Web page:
Currently, a couple of things. First, of course, is my novel Code Monkey, which is a refinement of the novel I wrote for National Novel Writing Month in November 2009. I thought it was fun and I honestly believe it has potential. My goal is to complete the current draft within the next week so that I can submit it to my crit group this month.

I’m also working on a couple of short stories: “Flash Drive” and “The X of Doom”. And, of course, I plan to publish “The Winds of Patwin County” in July under the Igneous Books label. More details on that as they become available.

 2. How does your work differ than others in its genre?

That’s a tricky question because I’m not actually entirely sure what genre Code Monkey belongs in. I call it a “love story with occasional monsters” but that by no means implies that I’m writing a romance. I’ve asked around, and the people who’ve read early drafts seem to agree that it’s contemporary fantasy, but I’m not sure what defines that genre. So, I’m not sure how to answer this question, except to say that I hope I’m doing enough differently to make it entertaining and to avoid the tropes and cliches common to the genre it belongs in.

The same is true of the short stories I’m working on.

3. Why do you do what you do?

I’m not 100% sure, but I think it has something to do with just enjoying the process. I’ve written stories ever since I was very young (my mom still has “Tornado in the Sky”, a book I wrote when I was, I believe, 6). Whenever anyone suggests a game of Dungeons and Dragons, I want to be the Dungeon Master. I’m not always satisfied being the audience. I just like to create the worlds and the characters and the stories that they’re involved in.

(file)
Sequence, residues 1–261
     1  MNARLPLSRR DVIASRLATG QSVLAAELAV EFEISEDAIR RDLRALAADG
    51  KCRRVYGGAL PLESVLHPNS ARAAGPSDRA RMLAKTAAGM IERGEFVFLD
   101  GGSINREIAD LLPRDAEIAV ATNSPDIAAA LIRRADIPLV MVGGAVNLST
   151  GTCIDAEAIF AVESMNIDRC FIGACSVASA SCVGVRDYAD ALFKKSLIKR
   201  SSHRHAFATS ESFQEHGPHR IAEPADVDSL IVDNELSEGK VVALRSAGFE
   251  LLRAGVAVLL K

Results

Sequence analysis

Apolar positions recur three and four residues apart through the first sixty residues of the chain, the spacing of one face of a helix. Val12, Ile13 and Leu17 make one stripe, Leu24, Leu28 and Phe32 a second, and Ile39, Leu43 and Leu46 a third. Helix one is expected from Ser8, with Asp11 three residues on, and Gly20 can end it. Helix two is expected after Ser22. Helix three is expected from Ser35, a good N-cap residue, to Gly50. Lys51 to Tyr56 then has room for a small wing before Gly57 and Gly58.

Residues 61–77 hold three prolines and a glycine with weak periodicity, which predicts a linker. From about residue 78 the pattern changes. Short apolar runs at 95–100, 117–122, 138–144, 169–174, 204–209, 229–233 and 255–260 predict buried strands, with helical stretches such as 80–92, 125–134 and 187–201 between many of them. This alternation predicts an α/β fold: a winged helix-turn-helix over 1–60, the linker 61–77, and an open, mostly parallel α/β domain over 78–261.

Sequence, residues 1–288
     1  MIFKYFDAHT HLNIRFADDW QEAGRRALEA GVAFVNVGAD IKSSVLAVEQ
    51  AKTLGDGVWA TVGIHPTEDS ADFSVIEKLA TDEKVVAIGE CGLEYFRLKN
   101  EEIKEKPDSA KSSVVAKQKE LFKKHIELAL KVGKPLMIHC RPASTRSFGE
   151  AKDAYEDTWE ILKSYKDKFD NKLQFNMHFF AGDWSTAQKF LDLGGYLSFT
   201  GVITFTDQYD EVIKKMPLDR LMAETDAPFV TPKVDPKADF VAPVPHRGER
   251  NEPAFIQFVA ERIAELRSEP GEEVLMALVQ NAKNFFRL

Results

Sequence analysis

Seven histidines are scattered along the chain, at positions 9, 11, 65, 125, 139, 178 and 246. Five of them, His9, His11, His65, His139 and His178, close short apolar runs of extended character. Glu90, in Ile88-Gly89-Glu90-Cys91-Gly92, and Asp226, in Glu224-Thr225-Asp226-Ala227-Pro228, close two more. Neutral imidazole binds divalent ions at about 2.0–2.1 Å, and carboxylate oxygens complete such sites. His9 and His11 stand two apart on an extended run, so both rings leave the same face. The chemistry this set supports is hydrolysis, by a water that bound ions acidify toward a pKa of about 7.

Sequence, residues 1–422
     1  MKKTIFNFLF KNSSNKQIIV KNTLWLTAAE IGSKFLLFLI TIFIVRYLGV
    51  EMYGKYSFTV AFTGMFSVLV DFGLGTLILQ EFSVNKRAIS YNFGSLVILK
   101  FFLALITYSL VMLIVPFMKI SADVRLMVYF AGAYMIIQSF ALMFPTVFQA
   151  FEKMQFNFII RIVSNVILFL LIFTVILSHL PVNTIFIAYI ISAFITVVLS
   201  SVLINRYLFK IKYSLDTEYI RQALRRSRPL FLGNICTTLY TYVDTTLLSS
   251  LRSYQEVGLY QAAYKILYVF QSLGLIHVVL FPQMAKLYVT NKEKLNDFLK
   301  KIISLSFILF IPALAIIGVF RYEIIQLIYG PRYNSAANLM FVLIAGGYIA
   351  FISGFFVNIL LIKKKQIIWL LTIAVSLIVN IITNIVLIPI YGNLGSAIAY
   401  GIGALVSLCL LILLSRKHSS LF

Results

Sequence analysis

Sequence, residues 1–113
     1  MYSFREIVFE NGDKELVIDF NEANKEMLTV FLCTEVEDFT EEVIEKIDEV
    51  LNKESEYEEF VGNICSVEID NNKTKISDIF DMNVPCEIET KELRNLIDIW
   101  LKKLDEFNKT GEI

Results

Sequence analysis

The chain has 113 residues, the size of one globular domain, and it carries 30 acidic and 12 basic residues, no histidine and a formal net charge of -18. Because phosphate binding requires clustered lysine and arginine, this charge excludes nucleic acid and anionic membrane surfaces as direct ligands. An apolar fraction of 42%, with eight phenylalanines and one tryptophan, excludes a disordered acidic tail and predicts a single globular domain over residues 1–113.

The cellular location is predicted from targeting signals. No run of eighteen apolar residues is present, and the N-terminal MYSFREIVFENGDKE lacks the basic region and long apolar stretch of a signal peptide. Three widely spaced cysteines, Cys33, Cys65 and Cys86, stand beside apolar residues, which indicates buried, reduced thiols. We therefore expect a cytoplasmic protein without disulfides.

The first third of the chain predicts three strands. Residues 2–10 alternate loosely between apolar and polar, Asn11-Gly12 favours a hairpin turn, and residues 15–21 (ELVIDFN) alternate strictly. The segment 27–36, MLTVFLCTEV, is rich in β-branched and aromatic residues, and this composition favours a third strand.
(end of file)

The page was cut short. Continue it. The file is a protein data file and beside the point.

4. How does your writing process work?

Too often, it simply doesn’t. While I almost always have a document open in Scrivener or LibreOffice on my computer, I’m too frequently distracted by something else: a novel I’m reading in one browser tab, or Facebook or Twitter in another. I know the best thing for me to do would be to shut down my Internet connection when I write, or simply switch to a workstation that has no Internet connection at all, but I find it’s simply too easy to restore the connection and start browsing again.

But I’ve set myself some goals. Daily writing. A certain word count or time spent editing per day. And so on. I’m hoping you readers will help hold me accountable.

And here I go, tagging some people.

First, Dex Fernandez. Dex is a talented writer and a good friend. We go back several years.

Second, Jessica, whom I know through NaNoWriMo, and who’s pretty spiffy, in my opinion.

Third, Jamie Thornton, another member of my writers’ group. She is the author of Rhinoceros Summer, a fantastic coming-of-age novel that spans two continents.

And, finally, Leigh Dragoon, a great writer, member of my writers’ group, and a good friend.

Story of the Week: An Update

I started my second Story of the Week project in July, then lost the momentum in September. Then I said I’d restart in December. Now I’m saying that I’m going to restart my Story of the Week project in January, with the first story coming out on Sunday, January 5. How’s that for a great way to start the new year?